Upselling and cross selling are quite the buzzwords in the world of retail, whether it be over the Internet or in actual store locations. These are the strategies used to maximize profit while ensuring that customers make the most of their purchase through complementary offerings.

These selling techniques, however, are not exclusive to retail or business-to-consumer enterprises. They are also applicable to companies that handle business-to-business transactions, such as SEO agencies.  Thing is, most people still have a hard time figuring out what upselling and cross-selling are exactly.

Business to Business Techniques

Simply put, the two are selling methods that induce customers to buy more items on top of their intended purchase. The concept involves introducing customers to more options that were not under consideration earlier on. More often than not, some marketers and salespeople confuse upselling with cross-selling or the other way around.

Understanding the Differences Between Upselling and Cross-Selling

Upselling is a technique to persuade customers to upgrade to a better variety of the product they intend to buy. For a clearer example, think of it as offering a customer to go for a hamburger with bacon and cheese instead of the plain burger they intended to get. To bring it a little closer to home, it means persuading clients to sign up for a Premium white label SEO package instead of Plus.

Cross-selling, on the other hand, is about selling a different item to the customer on top of their purchase. Using the fast food analogy, it may mean pitching a side of fries and a large drink after they ordered a hamburger. In the context of selling SEO services, it may mean offering social media packages to a client who only wanted SEO services.

How to Sell with Success

Upselling and cross-selling may be two different techniques, but they follow the same sales principles. The first thing you need to do is avoid blatantly marketing the complementary packages. This is one the points we’ve talked about when selling SEO. Clients may find your aggressive and insistent selling annoying—and this may translate into a lost sale.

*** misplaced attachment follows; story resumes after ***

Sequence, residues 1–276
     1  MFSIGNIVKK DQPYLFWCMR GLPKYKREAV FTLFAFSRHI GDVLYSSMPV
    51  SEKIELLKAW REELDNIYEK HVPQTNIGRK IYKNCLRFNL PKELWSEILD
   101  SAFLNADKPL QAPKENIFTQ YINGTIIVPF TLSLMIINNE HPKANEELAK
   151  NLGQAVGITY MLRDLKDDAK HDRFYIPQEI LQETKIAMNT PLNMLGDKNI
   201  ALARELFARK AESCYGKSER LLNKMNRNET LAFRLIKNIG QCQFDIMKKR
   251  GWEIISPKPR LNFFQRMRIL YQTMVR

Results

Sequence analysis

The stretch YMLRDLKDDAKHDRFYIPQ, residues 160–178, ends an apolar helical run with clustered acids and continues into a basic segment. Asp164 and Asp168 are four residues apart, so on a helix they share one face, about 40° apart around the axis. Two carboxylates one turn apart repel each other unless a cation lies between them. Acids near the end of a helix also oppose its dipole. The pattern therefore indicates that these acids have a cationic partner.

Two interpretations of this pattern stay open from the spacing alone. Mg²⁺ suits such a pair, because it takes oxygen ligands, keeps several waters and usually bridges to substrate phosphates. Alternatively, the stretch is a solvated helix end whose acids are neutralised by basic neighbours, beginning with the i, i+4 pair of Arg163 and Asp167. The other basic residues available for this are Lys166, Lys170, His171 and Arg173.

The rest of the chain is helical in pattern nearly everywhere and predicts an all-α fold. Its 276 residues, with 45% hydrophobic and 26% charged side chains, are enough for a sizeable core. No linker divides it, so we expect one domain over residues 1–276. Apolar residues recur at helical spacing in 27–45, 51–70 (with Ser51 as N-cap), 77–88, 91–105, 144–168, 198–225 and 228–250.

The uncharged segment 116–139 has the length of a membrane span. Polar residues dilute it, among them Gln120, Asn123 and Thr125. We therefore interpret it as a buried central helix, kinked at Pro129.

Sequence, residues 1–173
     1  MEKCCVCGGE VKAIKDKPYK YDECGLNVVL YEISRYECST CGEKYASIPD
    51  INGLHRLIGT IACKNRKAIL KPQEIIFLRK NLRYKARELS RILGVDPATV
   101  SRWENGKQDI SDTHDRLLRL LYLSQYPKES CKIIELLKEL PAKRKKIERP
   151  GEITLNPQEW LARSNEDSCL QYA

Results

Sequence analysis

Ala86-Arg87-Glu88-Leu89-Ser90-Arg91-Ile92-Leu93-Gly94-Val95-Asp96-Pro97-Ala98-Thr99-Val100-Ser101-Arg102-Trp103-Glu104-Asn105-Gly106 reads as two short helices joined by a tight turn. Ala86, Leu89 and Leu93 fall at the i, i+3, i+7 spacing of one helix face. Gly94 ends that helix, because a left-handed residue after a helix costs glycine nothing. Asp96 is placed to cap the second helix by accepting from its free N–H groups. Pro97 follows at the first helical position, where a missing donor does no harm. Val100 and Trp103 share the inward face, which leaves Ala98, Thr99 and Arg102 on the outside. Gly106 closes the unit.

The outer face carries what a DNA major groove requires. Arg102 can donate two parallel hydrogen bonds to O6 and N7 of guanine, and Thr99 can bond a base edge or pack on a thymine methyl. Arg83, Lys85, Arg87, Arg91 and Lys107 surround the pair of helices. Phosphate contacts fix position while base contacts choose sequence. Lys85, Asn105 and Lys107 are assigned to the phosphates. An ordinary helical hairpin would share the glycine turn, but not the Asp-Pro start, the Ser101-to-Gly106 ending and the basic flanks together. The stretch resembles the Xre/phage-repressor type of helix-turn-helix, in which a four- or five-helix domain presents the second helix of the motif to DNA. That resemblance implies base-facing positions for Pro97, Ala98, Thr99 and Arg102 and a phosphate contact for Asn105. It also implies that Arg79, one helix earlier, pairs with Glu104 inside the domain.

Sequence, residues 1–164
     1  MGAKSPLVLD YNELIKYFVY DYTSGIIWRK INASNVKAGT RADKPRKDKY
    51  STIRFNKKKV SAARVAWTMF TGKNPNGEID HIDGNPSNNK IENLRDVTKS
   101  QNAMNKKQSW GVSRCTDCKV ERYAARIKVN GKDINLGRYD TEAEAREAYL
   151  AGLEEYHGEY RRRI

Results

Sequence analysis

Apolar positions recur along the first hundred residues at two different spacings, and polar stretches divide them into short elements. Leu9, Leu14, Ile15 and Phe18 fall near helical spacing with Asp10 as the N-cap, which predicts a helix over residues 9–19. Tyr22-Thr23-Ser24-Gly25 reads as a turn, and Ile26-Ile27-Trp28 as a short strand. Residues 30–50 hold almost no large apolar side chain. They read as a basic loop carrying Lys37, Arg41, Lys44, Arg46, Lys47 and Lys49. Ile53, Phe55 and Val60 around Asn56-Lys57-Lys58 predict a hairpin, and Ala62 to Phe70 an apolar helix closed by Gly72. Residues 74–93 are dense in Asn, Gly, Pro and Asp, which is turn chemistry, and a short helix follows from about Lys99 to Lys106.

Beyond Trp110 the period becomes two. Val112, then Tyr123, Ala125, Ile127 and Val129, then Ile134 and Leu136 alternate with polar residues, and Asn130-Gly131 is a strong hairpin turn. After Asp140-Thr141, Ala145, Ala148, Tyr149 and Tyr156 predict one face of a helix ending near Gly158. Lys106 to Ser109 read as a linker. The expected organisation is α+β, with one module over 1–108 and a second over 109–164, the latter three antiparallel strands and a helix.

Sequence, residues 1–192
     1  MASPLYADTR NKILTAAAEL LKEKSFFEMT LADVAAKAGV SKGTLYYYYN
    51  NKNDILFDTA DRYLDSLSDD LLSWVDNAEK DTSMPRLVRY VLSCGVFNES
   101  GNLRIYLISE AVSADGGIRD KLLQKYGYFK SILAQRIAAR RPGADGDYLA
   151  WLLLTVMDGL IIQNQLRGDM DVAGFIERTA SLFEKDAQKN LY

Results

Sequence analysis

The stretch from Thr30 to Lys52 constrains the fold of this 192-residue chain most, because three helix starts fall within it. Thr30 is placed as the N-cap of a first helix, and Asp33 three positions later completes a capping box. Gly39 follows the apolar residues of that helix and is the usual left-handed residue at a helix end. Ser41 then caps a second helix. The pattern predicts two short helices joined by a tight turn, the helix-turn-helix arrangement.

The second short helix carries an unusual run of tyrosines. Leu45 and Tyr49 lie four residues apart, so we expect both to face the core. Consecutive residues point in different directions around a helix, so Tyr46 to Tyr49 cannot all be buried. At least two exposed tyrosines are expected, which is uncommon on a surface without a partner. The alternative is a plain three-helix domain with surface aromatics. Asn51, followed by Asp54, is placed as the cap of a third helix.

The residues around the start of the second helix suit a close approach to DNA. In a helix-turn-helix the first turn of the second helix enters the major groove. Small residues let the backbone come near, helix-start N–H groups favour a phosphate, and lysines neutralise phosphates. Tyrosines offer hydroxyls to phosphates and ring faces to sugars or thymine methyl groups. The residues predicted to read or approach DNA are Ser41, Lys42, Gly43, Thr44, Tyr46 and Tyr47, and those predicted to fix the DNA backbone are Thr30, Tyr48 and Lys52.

Make your recommendations grounded and reasonable. Justify why your client needs to get this on top of that. For example, explain that having a website is not enough to drive customer engagement; this is where you introduce the need for social media. Take this as an opportunity to segue into your social media packages. To make your recommendations sound convincing, you must first find out what your client’s specific needs are. You may even present what other clients have bought.

Always keep the choices limited. A range of offerings that is too extensive may overwhelm clients; they may even get confused or consider backing out due to indecision. If you feel like presenting another line of services is quite taxing, you may choose to combine some of your top-selling products or services and offer them as one package. For instance, you can offer social media solutions and reputation management to clients looking to improve their branding online.

Selling is not just selling. It involves a number of strategies, which are developed based on the needs and wants of the customer. Upselling and cross-selling are only some of the few techniques that will up your sales game. Check our blog section regularly for more tips about online marketing.

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